Throughout its history, the United States has overwhelmingly spent on education rather than social welfare programs. Wells explains that this trend has resulted in the federal government relying on the public education system to close the expansive gap between rich and poor students. At first this goal may seem reasonable; however, the reality is that the federal government has set up a system that is inherently flawed. Wells explains that schools are expected to create social equality (presumably through closing the “achievement gap”), yet they do not have a “strong social safety net to hold up children whose families lack money for food, shelter, or health care” (Wells, 28). Instead of investing heavily in social welfare programs and trying to transform society as a whole, like many European countries, the federal government relies on the public education to teach students to learn how to rise out of poverty and how to achieve equal statuses as their counterparts in society.
While our core national value of equality amongst all remains extremely important in society, it seems as if it has misguided our policy makers and has led them to ignore the needs of certain groups in society, all under the guise of “equality of opportunity” (14). Our policy-makers have avoided giving “handouts” to the poor through ample social welfare programs and have instead relied on the idea that “self-help” through things like education is the better route to take. What policy makers fail to realize is that people cannot simply “learn their way out of poverty,” because it impossible for schools to exist outside of the social context of the community in which they are located (17). As Au explains in his first chapter, most schools in America are not helping students rise out of poverty; instead, they are reproducing the inequality that exists in society.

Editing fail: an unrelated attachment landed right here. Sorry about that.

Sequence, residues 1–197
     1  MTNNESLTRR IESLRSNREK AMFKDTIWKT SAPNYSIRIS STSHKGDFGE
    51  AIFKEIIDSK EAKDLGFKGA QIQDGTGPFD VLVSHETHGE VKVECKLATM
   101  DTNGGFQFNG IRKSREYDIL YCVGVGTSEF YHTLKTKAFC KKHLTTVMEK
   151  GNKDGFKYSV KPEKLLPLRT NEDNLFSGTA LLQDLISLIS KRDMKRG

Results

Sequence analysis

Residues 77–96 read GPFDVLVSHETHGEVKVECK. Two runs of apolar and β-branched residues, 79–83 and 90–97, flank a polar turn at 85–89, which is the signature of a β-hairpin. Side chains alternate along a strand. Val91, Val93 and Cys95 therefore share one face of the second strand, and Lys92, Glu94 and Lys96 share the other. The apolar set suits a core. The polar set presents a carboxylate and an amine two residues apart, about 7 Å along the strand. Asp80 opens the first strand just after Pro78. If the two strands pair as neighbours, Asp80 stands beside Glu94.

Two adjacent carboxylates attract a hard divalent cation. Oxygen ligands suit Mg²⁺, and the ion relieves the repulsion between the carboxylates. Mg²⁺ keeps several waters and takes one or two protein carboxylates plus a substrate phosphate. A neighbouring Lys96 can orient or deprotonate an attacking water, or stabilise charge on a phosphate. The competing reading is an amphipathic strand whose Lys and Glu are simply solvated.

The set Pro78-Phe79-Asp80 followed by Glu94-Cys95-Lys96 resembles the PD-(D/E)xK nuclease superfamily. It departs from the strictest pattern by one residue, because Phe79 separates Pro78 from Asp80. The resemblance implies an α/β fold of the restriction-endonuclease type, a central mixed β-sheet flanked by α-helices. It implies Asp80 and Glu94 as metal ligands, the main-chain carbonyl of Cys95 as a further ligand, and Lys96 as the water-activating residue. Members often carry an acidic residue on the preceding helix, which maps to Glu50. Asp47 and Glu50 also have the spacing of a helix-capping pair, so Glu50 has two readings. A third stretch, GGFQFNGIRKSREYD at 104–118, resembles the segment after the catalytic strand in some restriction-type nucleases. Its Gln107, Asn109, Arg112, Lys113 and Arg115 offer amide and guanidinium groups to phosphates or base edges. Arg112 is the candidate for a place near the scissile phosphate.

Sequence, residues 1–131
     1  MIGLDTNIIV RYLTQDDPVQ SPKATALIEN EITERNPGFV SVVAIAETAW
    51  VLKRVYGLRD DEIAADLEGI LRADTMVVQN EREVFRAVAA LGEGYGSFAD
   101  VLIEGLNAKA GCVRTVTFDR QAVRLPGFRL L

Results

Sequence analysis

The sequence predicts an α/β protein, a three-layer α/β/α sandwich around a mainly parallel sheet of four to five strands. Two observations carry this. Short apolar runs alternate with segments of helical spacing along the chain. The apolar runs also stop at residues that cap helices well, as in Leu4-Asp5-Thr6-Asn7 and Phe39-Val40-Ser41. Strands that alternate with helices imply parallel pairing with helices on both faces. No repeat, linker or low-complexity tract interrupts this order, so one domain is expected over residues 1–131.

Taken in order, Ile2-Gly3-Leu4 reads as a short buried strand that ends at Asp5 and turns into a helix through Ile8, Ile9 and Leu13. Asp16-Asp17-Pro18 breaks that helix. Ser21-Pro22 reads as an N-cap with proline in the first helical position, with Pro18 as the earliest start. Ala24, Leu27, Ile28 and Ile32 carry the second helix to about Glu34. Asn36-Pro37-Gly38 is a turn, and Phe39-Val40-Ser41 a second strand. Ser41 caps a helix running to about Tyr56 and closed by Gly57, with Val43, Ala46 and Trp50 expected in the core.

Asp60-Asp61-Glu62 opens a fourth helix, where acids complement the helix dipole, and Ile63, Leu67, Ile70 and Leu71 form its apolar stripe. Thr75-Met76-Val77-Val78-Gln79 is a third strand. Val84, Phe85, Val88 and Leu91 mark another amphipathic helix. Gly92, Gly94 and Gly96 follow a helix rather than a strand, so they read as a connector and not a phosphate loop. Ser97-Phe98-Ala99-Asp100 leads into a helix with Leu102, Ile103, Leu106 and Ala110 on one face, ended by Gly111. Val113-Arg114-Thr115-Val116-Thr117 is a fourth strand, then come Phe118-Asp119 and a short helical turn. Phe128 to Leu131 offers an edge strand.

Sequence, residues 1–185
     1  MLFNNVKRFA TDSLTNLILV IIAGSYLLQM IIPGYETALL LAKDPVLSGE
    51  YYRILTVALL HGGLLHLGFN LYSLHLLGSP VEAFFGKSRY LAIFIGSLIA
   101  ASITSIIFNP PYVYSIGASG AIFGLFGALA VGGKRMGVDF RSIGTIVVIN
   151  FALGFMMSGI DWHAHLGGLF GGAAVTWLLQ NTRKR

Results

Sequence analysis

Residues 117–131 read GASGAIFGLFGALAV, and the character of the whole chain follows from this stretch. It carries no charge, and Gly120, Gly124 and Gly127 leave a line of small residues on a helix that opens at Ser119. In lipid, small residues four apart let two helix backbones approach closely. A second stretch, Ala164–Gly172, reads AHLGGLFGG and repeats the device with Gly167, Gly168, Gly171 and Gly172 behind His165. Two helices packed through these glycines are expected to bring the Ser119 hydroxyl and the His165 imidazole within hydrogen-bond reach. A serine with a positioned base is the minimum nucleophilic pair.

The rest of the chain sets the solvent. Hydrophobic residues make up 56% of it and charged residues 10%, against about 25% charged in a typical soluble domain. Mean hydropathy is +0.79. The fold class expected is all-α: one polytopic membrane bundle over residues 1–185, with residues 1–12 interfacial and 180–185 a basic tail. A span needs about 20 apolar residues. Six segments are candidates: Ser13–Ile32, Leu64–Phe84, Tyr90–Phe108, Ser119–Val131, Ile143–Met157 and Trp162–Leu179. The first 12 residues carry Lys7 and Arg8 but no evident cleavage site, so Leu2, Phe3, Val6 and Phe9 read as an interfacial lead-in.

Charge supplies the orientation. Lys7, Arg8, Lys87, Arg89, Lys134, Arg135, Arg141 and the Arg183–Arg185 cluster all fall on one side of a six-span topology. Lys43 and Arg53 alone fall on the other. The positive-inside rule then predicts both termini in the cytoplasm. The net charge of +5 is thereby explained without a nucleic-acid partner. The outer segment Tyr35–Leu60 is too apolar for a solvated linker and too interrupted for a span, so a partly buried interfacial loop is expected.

One of the main themes that we have focused on thus far in class is privatization and its potentially negative impacts on public education. In her article, Wells describes the “child benefit theory,” an educational policy derived by Catholic educators in 1965 and which preached the idea that money should follow each child in the system, no matter where they attend school (26). Although Wells does not extensively discuss what ultimately came of the child benefit theory, she does explain that this idea allowed the Elementary and Secondary Education Act to pass through both the Senate and the House of Representatives in the 60’s. Another important outcome of policies like the child benefit theory was federal spending on public education increased dramatically from about $1 billion to $3.5 billion (27). We can see a resurgence of these ideals in today’s educational policy conversation in proposed policies like school vouchers, and increased educational spending. Theoretically, when money follows children to their school of choice, the student gets a better education because schools compete for students’ voucher money. However, instead of an elevated level of education for all, with more privatization, we have increasingly seen that schools are not performing any better and are not closing the achievement gap.
Perhaps it’s time for our policy makers to take a completely new approach to solving educational issues and the achievement gap. Well’s argument that we need better social welfare programs seems to be a promising one. While improving education is not an easy task, it’s a necessary one and one that should be at the forefront of politicians’ minds. After all, aren’t the children of today the future of our country?